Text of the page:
Tan Jia Yee
Junior Health Strategist, Ogilvy & Mather
Who are you? Tell us a bit more about yourself!
I’m weird in my own little ways. Unfortunately or fortunately, I unleash my weirdness by engaging in theatre and am part of Teater Ekamatra’s youth wing. Through theatre, I have found a way to not only use my quirkiness and curiosity in a creative manner but also to explore the human condition in a meaningful way.
What’s your story? Tell us about a life-changing incident.
The most recent life-changing incident has been the passing of my mother. She battled cancer for three and a half years. The past few months have been extremely difficult as I have had to deal with a myriad of emotions – grief, confusion and guilt. The reason I feel guilty is because I feel that I could have been more understanding towards her because no one, except for herself, truly understood the kind of physical and emotional stress she was going through.
A week after she completed her final cycle of chemotherapy, she collapsed at home and was hospitalized. She had lost so much weight by then. I looked at my mum’s arms and all I could see were bruises and tiny blood clots. Because of all the bruising and clotting, they had to insert a catheter somewhere near her shoulder blade and I had to sign my consent for this procedure to take place. I remembered having to control my hand from shaking as I signed that consent form.
Her condition took a turn for the worse. And there I was, looking at her, feeling absolutely helpless.
Everything after that has been a blur.
Why 50for50 and why now?
Rebekah came down to our office (Ogilvy & Mather) and presented this initiative to our team. I feel really strongly about this project and volunteered myself immediately.
What gets you up in the morning?
Why this cause out of so many causes?
When I was volunteering with Lions Befrienders, we made weekly visits to seniors in the York Hill area. There, I used to notice Thye Hua Kwan (THK) stickers on the gates of these seniors’ homes. THK, as I understand, delivers meals twice a day to these seniors. This is an extremely valuable service as most of their beneficiaries are either unable to afford food, are immobile, or both. I strongly believe that this is a cause that deserves more funding and I would like to do my best to help in this area. It is my chance to give back to society, particularly to these vulnerable individuals who lack the support system of a family unit.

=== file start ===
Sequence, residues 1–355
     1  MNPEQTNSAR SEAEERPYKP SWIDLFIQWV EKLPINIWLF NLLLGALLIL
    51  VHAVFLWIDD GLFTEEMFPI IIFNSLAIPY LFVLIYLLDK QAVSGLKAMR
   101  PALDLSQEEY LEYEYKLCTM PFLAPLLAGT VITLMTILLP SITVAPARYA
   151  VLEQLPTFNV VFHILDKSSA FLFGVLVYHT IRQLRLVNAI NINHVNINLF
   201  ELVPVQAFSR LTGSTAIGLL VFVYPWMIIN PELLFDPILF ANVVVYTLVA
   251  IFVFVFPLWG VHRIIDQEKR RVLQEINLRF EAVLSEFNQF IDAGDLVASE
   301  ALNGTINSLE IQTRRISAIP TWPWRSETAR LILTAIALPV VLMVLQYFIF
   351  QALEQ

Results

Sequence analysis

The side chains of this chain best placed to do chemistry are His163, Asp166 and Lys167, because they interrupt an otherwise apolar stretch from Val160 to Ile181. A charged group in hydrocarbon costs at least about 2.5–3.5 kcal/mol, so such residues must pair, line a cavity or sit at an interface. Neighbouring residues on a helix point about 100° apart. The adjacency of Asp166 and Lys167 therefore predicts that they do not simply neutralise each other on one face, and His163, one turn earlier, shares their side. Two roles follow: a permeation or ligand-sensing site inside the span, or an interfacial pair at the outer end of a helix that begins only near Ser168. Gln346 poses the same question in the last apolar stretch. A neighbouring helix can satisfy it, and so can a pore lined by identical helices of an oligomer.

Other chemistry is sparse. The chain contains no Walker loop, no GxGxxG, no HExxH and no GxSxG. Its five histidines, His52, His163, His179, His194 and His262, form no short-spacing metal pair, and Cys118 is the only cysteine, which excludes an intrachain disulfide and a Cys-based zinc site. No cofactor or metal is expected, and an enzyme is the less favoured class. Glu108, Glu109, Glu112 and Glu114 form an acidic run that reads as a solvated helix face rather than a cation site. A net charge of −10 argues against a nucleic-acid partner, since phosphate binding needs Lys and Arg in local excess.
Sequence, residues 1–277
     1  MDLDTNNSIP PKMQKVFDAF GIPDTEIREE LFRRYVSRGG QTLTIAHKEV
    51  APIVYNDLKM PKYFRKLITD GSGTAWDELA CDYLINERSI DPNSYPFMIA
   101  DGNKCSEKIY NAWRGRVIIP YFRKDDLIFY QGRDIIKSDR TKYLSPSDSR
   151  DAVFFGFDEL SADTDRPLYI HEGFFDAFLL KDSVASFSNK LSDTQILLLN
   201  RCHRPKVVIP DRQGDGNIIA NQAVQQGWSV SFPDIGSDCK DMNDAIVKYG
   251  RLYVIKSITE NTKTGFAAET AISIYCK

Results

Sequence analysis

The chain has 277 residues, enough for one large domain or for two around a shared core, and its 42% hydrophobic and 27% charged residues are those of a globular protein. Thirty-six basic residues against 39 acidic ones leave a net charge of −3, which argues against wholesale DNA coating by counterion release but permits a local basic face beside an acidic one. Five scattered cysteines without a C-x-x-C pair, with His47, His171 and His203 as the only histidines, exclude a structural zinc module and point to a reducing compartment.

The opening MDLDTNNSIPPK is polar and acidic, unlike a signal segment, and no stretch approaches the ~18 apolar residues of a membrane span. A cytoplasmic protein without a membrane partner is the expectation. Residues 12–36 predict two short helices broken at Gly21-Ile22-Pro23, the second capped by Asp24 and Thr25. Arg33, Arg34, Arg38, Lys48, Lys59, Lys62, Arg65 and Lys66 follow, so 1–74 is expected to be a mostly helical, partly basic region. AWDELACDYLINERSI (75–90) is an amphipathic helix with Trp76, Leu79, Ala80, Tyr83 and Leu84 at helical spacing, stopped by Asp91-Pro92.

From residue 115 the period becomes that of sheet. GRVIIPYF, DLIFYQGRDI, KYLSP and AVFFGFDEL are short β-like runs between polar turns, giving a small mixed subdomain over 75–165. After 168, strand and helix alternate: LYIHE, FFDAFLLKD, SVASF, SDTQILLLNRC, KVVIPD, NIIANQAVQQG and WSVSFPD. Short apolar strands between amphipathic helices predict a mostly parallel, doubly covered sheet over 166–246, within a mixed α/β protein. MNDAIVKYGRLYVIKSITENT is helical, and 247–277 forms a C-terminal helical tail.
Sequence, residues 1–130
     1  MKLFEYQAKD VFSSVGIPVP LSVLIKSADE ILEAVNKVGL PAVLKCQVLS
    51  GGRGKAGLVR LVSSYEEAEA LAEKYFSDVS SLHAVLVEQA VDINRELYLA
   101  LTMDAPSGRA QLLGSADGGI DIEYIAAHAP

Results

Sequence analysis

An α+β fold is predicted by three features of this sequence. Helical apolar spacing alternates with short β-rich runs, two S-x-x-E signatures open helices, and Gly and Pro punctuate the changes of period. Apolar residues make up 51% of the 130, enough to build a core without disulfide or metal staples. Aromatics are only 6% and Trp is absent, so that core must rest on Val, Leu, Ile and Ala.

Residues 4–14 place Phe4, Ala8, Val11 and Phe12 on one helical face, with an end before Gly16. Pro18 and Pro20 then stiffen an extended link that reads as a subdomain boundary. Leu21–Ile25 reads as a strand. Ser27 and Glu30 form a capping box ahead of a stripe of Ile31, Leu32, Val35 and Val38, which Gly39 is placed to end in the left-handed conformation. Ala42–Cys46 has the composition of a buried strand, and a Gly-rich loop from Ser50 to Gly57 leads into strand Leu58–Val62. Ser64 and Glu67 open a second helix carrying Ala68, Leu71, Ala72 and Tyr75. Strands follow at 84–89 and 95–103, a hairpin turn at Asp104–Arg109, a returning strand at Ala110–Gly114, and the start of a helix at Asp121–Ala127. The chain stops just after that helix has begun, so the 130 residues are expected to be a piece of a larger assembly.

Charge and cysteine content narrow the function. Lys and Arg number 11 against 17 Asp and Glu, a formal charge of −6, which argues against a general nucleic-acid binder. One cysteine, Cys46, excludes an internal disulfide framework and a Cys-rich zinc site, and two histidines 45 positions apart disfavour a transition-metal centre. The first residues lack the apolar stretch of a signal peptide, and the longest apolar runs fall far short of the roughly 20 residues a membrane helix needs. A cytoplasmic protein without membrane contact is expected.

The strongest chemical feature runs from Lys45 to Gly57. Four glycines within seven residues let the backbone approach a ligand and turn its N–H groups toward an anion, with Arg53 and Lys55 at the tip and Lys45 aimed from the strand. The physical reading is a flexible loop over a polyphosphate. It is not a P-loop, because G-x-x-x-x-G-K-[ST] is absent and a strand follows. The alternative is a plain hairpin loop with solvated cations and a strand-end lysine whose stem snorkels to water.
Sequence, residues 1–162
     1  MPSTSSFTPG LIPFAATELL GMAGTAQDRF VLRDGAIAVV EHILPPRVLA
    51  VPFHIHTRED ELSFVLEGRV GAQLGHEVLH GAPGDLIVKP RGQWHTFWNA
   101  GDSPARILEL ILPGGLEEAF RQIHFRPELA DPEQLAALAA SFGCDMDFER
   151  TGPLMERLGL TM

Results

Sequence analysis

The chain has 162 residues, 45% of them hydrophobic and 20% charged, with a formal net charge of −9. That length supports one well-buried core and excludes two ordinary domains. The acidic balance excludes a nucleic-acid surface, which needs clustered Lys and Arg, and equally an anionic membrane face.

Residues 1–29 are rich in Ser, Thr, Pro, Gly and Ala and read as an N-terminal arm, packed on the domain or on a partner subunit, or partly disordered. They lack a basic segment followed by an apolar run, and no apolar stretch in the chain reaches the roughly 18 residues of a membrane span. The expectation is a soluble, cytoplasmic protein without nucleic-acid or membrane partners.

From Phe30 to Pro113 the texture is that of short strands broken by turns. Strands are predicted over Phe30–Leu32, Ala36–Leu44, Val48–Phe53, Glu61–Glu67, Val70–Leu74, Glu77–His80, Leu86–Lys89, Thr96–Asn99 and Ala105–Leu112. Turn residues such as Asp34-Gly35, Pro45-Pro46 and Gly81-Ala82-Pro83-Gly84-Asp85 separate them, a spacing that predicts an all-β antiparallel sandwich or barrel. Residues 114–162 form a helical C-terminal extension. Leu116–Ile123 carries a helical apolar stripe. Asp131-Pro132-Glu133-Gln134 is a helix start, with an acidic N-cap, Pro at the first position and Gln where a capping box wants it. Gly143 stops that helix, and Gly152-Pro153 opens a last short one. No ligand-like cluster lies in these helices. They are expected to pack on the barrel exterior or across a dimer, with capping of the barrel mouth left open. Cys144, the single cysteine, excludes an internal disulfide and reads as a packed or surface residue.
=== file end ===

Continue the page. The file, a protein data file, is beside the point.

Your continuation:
I feel a lot for the elderly and I don’t really know why. Perhaps it was because when I was young, I spent a lot of time with my grandparents. In fact, I was pretty much raised by them. I grew to understand their little quirks – that despite their old age, they were children at heart. Like children, they were temperamental but this was only because they wanted attention from their loved ones. All they longed for in their twilight years was the knowledge that their children and grandchildren would love and accept them for who they were.
The beneficiaries of THK must certainly feel the same way.
Unfortunately, my time with my grandparents was short-lived as they too passed away when I was young. However, my memories of them are what drive me to contribute in whichever way I can to benefit the lives of other elderly people.
Any experiences with charity or non-profit work before?
I was a volunteer with All Saints Home (2 years), the Singapore Association for the Deaf (2 years) and Lions Befrienders (1 year).
Furthermore, I do have other ad-hoc volunteering experiences such as charity performances for the elderly and for children with chronic illnesses.
What kind of change are you looking to bring about as a changemaker?
Firstly, I hope to raise awareness for THK. I want to do so by profiling their beneficiaries and featuring some of their stories. The reason behind this is because back in our school days, when we did fundraising – it was more about wanting to win (i.e. raising the most money, having the heaviest donation tin) than anything else. But now, I want people to see whom they really are helping, because even the smallest contribution can make a world of difference.
This really struck me when I used to accompany my mum for her blood transfusions. At the end of the day, it is just a bag of blood. But I used to think about how my mum would not have been able to receive that blood transfusion without that bag of blood. To the person who donated the blood, it might have seemed like a small contribution. But to us, it meant everything.
Likewise, featuring the stories of beneficiaries helps people realise that it is never just about the money, time or in my mother’s case, the blood that they have given. Their kindness extends far beyond that.
Secondly, I want to ensure sustainability of the campaign by attracting more volunteers for my charity so that the initiatives that I put in place will extend beyond my efforts.
What is your big idea on how to raise funds for 50for50?
To rally the people I know and to spread the word.